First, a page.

March 4, 2015

Town of Penfield pushes ahead with sex offenders restriction law despite court ruling

See also: Penfield Holds Public Hearing On New Sex Offender Bill
3-5-15 New York:

Despite a state Court of Appeals ruling, the Town of Penfield is full speed ahead with a local law to restrict where sex offenders can live. There's apparent unanimous support for it and there's also a plan to counteract that court ruling. But we had this question for the town supervisor: If the local law is illegal, as it would be right now, is it right to pursue it?

Greg Kamp runs the Penfield Little League program. He's confident the law will create a safer environment for kids. "I'm very confident that this law would make it safer for kids in Penfield," says Kamp.

Kamp supports the proposed Penfield law that would prohibit sex offenders from living up to 2,000 feet from parks, schools and public buildings. There was a public hearing on the law Wednesday; four people spoke in favor of it. This all became an issue when a convicted sex offender from Seattle moved into a Penfield neighborhood earlier this year. But a recent court ruling prohibited local governments from creating such laws. So is it right to pursue this law, if it would currently be illegal? The town supervisor says yes.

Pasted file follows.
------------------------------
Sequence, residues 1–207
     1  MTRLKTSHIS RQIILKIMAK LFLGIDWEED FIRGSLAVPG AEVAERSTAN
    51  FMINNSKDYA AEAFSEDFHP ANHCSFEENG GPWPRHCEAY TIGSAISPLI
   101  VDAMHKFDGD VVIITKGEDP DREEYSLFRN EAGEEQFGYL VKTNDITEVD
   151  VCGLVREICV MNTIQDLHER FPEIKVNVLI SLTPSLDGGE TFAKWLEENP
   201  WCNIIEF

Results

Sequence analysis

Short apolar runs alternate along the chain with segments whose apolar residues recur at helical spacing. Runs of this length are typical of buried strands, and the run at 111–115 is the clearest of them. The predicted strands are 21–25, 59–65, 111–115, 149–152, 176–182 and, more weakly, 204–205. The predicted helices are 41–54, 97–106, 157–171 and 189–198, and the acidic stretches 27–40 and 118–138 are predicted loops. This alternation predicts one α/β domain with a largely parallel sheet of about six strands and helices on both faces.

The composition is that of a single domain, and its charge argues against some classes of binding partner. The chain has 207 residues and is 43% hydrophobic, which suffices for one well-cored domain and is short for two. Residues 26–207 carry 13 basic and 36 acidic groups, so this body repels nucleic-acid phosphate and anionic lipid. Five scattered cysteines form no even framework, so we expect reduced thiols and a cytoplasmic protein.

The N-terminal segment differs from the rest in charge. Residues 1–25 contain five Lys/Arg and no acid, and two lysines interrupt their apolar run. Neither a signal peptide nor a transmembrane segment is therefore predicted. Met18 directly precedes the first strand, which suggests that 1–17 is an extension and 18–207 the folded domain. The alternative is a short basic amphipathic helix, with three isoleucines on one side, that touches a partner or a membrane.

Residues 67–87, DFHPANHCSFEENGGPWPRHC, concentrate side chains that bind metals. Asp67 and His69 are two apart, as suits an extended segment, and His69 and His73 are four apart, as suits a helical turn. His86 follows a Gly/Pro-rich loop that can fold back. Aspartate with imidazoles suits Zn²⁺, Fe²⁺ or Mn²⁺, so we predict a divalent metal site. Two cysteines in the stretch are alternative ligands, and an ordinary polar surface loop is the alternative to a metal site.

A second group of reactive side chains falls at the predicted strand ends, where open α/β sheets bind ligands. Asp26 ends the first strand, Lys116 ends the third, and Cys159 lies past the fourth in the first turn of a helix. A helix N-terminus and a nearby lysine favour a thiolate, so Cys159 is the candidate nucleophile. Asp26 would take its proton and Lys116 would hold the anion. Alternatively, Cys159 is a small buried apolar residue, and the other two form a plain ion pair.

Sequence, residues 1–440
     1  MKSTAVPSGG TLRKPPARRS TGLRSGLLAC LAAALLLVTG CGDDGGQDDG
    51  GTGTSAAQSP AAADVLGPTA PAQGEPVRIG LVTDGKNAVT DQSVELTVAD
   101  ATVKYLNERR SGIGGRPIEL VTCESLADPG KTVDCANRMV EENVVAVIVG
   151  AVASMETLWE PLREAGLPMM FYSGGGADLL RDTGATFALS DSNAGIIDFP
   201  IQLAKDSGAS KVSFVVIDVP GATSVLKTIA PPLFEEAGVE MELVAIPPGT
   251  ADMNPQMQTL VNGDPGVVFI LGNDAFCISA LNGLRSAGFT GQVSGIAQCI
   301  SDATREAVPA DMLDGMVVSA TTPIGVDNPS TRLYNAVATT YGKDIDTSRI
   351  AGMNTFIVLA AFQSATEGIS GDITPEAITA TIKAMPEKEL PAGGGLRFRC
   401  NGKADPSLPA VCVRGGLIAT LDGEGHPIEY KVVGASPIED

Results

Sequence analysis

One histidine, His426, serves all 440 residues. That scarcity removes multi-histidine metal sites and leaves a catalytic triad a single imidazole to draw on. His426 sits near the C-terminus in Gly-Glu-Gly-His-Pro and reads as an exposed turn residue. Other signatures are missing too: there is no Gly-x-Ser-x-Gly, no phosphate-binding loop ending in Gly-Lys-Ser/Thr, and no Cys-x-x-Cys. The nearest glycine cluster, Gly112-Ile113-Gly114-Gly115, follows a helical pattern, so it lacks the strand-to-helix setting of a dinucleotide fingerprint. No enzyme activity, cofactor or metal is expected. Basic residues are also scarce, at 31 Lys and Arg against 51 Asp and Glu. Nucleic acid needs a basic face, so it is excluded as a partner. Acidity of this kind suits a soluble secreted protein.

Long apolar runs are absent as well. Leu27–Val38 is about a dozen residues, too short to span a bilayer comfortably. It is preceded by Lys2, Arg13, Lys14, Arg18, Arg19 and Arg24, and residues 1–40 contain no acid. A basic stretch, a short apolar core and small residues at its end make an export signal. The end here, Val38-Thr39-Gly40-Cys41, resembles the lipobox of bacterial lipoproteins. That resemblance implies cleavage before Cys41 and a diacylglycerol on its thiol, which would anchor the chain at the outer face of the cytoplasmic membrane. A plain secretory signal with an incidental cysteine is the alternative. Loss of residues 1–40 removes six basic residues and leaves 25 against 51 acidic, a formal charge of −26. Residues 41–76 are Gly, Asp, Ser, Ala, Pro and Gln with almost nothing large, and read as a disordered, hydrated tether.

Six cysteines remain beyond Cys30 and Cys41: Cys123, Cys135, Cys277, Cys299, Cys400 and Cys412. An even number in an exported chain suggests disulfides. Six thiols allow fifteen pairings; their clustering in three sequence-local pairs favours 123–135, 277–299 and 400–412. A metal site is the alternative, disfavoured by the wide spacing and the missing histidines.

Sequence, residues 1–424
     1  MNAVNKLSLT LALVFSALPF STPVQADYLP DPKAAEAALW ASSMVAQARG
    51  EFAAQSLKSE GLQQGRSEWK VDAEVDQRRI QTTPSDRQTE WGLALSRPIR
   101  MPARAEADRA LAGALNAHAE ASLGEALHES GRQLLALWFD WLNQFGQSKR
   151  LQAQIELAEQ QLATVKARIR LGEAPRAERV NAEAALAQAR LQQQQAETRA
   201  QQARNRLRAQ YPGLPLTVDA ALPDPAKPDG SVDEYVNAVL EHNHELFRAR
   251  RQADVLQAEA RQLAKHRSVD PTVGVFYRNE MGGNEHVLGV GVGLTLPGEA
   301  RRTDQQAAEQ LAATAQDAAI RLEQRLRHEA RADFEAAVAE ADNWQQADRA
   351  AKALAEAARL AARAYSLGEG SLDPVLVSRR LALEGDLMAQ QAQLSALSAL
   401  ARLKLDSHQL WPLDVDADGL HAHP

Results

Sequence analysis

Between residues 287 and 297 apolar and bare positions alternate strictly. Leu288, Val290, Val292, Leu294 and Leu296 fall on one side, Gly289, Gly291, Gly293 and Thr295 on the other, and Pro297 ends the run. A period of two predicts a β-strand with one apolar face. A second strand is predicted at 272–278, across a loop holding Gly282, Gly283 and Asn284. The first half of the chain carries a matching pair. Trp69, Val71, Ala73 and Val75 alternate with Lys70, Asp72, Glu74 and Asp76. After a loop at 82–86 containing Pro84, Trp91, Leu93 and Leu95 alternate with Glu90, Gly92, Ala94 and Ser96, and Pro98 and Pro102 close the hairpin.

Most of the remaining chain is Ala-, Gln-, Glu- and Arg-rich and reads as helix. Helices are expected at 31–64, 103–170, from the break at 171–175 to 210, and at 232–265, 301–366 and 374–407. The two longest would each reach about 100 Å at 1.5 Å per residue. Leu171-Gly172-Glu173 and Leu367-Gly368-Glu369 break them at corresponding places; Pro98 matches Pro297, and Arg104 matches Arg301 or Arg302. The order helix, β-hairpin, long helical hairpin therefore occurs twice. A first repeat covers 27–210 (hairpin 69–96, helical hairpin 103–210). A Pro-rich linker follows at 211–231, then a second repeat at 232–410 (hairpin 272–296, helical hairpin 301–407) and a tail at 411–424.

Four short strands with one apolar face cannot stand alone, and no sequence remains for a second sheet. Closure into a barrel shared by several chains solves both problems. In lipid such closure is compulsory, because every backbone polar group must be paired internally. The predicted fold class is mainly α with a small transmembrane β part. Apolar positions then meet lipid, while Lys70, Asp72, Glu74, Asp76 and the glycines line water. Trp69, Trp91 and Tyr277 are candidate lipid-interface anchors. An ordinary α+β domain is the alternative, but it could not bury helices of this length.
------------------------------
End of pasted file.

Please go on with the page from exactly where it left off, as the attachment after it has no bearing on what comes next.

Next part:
"We're not looking to upset our friends in Albany," says Supervisor Tony LaFountain. "Certainly we'll respect the fact that the Court of Appeals had their ruling."

Instead, the town is behind an effort to override the court's ruling through a new state law. That law passed through the Senate last week after a push from Senator Rich Funke. It now sits in the state Assembly. If passed, municipalities would be able to craft their own laws restricting sex offenders.

"Very enthusiastically supported and endorsed," says Supervisor LaFountain. "And we're hoping we get the same thing from the Assembly."

But if the law doesn't get passed? LaFountain says, "If we don't, the Town of Penfield didn't put me into office to break the law. So we will have to comply with the current law." ..Source.. by Chris Horvatits

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